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NEW YORK -- Restaurant goers may soon have to review their budgets for eating out. New data from the Bureau of Labor Statistics' monthly consumer-price index shows that inflation of take-home food prices has increased faster than out-of-home prices, which could prompt restaurants to charge more, according to a Bloomberg report.
Average restaurant prices rose 2.6 percent this September, while grocery store prices rose 6.2 percent, paving the way for restaurant operators to follow suit. Overall food prices increased by 8 percent over the last year, as of September. But commodity costs make up a larger percentage of expenses for stores than for restaurants.
"If people go to the supermarket and see that the core items they're purchasing are on the rise, then they are less likely to be surprised if restaurants are raising prices as well," said Barclays Capital analyst Jeffrey Bernstein.
The Standard & Poor's Supercomposite Restaurants Index has risen 58 percent since Dec. 31, 2009, while the S&P 500 has risen 15 percent, according to Bloomberg, and further outperformance is likely to occur in the future due to restaurants' ability to increase prices.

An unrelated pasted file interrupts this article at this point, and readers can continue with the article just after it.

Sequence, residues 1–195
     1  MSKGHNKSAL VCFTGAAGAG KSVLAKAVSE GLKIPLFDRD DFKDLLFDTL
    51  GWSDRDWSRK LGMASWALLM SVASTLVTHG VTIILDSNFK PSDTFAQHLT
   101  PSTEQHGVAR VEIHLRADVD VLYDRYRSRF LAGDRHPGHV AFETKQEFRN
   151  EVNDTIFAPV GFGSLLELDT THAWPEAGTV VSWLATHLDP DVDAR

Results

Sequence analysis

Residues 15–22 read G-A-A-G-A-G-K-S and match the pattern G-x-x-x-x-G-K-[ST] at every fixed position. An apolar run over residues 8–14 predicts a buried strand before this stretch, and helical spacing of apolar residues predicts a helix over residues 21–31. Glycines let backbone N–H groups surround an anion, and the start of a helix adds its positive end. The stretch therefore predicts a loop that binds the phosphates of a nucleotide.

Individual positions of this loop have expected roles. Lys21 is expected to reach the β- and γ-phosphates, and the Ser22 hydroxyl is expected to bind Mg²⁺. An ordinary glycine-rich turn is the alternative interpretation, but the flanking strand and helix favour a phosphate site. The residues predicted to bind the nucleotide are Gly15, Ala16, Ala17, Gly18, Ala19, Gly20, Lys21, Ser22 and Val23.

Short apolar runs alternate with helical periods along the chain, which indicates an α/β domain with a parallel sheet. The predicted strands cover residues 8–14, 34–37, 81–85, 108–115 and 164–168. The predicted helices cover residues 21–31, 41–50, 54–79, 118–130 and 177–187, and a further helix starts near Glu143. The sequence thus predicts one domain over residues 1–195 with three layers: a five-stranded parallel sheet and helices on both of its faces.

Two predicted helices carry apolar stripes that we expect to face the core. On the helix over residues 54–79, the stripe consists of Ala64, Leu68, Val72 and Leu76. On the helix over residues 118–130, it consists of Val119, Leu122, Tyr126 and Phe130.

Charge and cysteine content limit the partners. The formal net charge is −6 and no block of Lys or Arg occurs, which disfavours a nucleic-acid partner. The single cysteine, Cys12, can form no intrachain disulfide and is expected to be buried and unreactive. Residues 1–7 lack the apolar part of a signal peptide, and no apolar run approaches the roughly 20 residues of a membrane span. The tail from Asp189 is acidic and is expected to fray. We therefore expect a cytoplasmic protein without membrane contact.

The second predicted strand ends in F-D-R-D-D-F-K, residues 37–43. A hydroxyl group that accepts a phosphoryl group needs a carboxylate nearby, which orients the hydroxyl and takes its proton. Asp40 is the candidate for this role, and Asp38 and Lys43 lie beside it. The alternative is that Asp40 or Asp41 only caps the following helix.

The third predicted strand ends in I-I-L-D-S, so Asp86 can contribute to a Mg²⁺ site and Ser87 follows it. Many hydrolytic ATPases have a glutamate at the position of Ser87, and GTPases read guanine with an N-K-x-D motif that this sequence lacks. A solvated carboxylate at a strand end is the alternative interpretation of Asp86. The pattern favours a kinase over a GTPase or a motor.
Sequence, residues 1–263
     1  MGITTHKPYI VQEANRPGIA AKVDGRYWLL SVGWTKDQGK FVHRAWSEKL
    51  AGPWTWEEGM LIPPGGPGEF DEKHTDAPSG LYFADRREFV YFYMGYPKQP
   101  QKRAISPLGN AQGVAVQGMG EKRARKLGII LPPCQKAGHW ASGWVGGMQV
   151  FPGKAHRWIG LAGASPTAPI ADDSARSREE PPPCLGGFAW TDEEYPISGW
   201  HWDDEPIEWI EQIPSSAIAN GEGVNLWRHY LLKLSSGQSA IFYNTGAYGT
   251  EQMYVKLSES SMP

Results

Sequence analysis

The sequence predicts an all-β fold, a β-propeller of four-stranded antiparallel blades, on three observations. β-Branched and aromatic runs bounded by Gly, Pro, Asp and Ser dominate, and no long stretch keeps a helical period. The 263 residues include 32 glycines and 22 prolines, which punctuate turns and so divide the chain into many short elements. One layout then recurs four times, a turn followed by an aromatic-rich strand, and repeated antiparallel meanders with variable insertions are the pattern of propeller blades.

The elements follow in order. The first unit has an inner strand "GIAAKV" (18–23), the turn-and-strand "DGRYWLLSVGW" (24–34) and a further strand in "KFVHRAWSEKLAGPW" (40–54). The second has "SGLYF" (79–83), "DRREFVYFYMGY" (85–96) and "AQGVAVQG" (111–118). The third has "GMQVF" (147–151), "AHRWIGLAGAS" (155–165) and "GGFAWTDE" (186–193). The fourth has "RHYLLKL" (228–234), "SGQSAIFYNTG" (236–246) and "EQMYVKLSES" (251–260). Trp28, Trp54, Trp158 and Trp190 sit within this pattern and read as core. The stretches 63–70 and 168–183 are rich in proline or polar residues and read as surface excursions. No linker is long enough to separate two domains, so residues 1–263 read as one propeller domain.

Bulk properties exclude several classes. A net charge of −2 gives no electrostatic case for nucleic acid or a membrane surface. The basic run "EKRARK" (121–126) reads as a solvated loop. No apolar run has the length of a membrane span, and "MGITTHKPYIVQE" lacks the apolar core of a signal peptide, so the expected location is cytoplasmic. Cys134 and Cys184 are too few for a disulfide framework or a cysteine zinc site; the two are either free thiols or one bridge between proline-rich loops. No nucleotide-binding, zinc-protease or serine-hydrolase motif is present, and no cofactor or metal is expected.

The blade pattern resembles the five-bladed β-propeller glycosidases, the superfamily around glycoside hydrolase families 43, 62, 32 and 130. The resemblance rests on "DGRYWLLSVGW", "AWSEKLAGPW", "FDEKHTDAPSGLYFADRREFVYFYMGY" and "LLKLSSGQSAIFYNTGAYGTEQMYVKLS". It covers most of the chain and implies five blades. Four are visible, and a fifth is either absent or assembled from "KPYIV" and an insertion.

Fast-food king McDonald's may act as an industry leader in terms of pricing changes. The chain boosted its prices by 1 percent in March, and then again by 1.4 percent in May, with no fallout in terms of customer visits. Domestic sales grew 4.4 percent in the third quarter of this year, according to the company.
Along with consumer expectations, moderate growth in employment and income is another reason restaurant operators may feel comfortable raising their prices, stated Barclays' chief analyst Dean Maki. The U.S. Labor Department found that employers added 103,000 workers in September, more than the amount forecast. And Bureau of Economic Analysis data shows that personal income rose at an annual rate of 4.4 percent the same month for the 21st month in a row.
When prices do increase, fast-food restaurants may see the best results because their prices are already closer to take-home food than dine-in restaurants', according to the report. Restaurants in general, though, must be careful to avoid alienating customers with price increases and may consider options such as reducing promotions or highlighting certain menu items. "They can't be too aggressive," restaurant strategist Todd Hooper told Bloomberg.
If the experiences of fast-casual players Chipotle Mexican Grill Inc. and Panera Bread Co. are any indication, restaurant operators have less to fear. Chipotle raised prices by around 3.5 percent in the third quarter with no negative effects, while Panera raised its prices by 2.5 percent earlier this year and had a 3.5-percent increase for the fourth quarter, plus the chain saw systemwide sales go up by 4.4 percent over the 13 weeks that concluded Sept. 27, according to the report.